Do these names sound familiar to you? Maybe a few jump out, but if I casually listed these names in conversation, would you know all of these women? Would you know them as you know Michael Brown or Trayvon Martin?
All of these women and more were killed senselessly at the hands of police, yet have been rendered forgotten in the continued fight for black justice against police brutality. As a black woman in America, this is an intersectional burden we carry–fighting for the freedom of black people while advocating for the protection and acknowledgement of black women.
Kimberlé Crenshaw coined the term intersectionality in 1989, when she published a paper in the University of Chicago Legal Forum titled “Demarginalizing the Intersection of Race and Sex.” In her writing, Crenshaw describes how women’s “intersecting identities” meant they experienced and were effected by a myriad of social justice and human rights issues.
We are not just black people, we are also black women. We are also black, queer women. We are also black, queer, disabled women. And on, and on. We are a combination of all of our experiences, all at the same time, which makes our fight for black people complex and extremely necessary. Crenshaw notes,
“Although Black women are routinely killed, raped, and beaten by the police, their experiences are rarely foregrounded in popular understandings of police brutality.”
Protests erupted this past week over the death of Minneapolis resident George Floyd, however Breonna Taylor’s story is slowly losing publicity as the stories of black women often do. The GoFundMe started in her name only recently reached it’s goal, as protestors continue to shout her name in the midst of our collective anger for the deaths of black people by police.
So how do we remember and fight for these women? We do just that. We remember and fight for them.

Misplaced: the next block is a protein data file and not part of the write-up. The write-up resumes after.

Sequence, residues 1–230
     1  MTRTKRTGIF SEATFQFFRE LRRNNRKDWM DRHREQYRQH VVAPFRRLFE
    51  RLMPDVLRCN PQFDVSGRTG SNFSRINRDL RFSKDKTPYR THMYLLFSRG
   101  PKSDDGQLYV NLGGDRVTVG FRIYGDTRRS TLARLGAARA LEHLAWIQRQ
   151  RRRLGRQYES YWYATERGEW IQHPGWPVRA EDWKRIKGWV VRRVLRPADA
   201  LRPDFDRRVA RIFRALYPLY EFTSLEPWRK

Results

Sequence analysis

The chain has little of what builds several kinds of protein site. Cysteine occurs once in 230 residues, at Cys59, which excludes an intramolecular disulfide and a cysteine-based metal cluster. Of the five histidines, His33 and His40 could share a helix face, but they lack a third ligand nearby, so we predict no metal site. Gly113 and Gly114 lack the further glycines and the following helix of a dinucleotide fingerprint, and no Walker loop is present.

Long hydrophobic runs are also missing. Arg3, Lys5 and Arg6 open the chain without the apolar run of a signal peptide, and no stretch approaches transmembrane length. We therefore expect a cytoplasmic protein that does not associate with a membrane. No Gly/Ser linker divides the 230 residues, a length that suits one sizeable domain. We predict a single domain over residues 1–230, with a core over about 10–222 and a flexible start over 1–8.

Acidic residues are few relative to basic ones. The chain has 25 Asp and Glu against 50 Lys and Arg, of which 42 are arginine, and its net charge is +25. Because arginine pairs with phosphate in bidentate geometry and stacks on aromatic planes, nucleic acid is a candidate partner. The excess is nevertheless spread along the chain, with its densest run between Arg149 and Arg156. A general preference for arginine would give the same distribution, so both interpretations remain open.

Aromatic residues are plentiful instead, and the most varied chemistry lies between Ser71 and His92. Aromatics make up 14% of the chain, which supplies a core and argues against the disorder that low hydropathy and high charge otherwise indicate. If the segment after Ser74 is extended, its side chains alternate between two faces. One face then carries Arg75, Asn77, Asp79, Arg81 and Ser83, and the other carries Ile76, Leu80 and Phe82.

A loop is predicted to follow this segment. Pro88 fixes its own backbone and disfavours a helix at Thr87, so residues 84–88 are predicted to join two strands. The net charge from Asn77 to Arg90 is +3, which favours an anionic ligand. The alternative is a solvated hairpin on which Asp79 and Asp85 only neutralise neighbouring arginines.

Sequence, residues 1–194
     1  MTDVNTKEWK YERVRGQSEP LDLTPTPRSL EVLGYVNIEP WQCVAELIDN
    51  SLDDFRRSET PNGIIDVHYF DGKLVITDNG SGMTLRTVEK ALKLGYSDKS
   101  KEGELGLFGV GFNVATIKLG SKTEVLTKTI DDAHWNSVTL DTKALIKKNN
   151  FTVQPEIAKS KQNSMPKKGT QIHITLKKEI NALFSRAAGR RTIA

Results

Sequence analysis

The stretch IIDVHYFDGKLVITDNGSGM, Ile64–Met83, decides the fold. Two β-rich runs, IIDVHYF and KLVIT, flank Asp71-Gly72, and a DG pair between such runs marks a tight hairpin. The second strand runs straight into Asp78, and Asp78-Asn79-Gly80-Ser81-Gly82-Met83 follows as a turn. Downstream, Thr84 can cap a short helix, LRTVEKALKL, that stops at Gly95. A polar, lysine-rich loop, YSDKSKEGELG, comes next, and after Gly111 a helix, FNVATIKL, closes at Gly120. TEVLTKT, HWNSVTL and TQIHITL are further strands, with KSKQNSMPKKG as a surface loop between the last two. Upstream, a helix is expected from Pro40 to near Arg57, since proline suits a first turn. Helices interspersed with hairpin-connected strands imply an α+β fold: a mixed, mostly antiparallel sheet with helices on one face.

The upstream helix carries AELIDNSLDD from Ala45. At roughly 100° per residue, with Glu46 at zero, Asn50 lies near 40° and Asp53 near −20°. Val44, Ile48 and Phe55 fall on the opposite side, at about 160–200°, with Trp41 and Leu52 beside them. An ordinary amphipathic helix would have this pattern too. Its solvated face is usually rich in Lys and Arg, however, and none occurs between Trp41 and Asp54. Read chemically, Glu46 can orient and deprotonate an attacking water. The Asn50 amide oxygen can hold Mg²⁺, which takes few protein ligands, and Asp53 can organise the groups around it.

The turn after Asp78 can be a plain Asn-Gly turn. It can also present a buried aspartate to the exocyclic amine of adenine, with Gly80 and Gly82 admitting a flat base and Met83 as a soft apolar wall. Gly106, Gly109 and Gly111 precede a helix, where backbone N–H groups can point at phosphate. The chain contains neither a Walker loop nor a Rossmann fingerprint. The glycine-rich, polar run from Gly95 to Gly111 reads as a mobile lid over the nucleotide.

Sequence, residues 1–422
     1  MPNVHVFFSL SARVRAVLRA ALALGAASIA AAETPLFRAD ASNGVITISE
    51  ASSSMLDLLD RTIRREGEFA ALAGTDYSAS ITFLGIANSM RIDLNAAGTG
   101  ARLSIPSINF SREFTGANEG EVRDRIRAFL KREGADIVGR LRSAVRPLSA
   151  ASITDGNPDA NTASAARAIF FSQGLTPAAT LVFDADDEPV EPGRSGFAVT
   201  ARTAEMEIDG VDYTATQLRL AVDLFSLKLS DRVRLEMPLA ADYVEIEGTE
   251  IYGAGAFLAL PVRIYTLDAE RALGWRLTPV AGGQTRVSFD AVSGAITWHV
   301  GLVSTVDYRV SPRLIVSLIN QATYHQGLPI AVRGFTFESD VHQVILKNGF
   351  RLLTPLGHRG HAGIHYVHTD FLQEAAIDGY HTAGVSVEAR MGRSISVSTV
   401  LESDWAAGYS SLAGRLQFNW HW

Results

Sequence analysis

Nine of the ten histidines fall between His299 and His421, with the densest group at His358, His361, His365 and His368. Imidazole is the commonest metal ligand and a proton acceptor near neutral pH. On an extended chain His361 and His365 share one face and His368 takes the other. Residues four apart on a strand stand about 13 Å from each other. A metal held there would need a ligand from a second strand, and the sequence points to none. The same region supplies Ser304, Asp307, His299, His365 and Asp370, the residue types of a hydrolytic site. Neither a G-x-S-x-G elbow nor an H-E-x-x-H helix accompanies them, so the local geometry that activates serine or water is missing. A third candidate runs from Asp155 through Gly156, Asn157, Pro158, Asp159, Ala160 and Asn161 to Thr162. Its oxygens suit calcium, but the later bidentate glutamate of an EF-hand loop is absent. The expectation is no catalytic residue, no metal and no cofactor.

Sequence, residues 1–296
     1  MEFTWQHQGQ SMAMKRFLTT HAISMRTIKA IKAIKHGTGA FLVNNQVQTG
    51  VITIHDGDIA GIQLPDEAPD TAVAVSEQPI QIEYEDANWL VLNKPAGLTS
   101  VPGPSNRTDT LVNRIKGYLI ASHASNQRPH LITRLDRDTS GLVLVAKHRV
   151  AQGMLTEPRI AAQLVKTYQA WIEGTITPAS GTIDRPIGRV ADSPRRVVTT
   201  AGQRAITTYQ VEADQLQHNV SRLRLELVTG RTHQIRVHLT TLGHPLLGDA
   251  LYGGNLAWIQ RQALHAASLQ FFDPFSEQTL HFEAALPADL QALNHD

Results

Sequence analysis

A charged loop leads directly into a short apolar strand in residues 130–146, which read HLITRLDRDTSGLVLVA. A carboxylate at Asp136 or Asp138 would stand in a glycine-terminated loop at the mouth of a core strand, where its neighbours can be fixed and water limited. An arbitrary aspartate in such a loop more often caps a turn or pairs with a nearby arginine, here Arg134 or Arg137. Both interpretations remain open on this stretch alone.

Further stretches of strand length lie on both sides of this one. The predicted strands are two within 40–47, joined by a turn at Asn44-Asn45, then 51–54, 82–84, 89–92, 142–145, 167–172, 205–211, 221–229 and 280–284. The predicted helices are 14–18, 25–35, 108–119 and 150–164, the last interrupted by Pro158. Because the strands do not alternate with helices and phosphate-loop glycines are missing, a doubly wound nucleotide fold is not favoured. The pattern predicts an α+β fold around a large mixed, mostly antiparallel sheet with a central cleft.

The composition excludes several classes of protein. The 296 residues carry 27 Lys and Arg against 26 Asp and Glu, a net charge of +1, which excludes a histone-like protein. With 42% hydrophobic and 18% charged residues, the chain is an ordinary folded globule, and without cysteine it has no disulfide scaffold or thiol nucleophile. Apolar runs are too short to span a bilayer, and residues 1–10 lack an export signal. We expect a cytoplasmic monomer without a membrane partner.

[Before you continue, take a moment to research all of the names listed in the above photo]
The #SayHerName movement seeks to “shed light on Black women’s experiences of police violence in an effort to support a gender-inclusive approach to racial justice that centers all Black lives equally.” It also speaks to the alarmingly high number of cases of sexual misconduct, assault, and rape by police against women–an issue that often goes ignored.
Wondering if any anti-violence organizations, specifically sexual violence, are doing any type of organizing or working together to develop resources/services. Sexual misconduct is the second highest form of police brutality, people are sexually assaulted in police custody.
— venkayla haynes (@VenkaylaHaynes) May 31, 2020
As highlighted in the Say Her Name Report:
“The erasure of Black women is not purely a matter of missing facts. Even where women and girls are present in the data, narratives framing police profiling and lethal force as exclusively male experiences lead researchers, the media, and advocates to exclude them. For example, although racial profiling data are rarely, if ever, disaggregated by gender and race, when race and gender are considered to- gether, researchers find that “for both men and women there is an identical pattern of stops by race/ ethnicity.”
We must do our part to remain educated on intersectionality and why black women’s cries are worthy of radical movement and protest. (view Crenshaw’s video on the topic below, listen to her TED Talk here)
And by “we” I don’t mean other black women. It’s up to those who don’t look like us, but expect our continued labor and our support, to do this work.
We can fight for all, we can acknowledge all, we can remember all as we protest. Our stories as black women, do not negate our stories as a collective black people. It’s not about division, it’s about a greater healing and seeking of justice. That is the only way we will ever truly be free.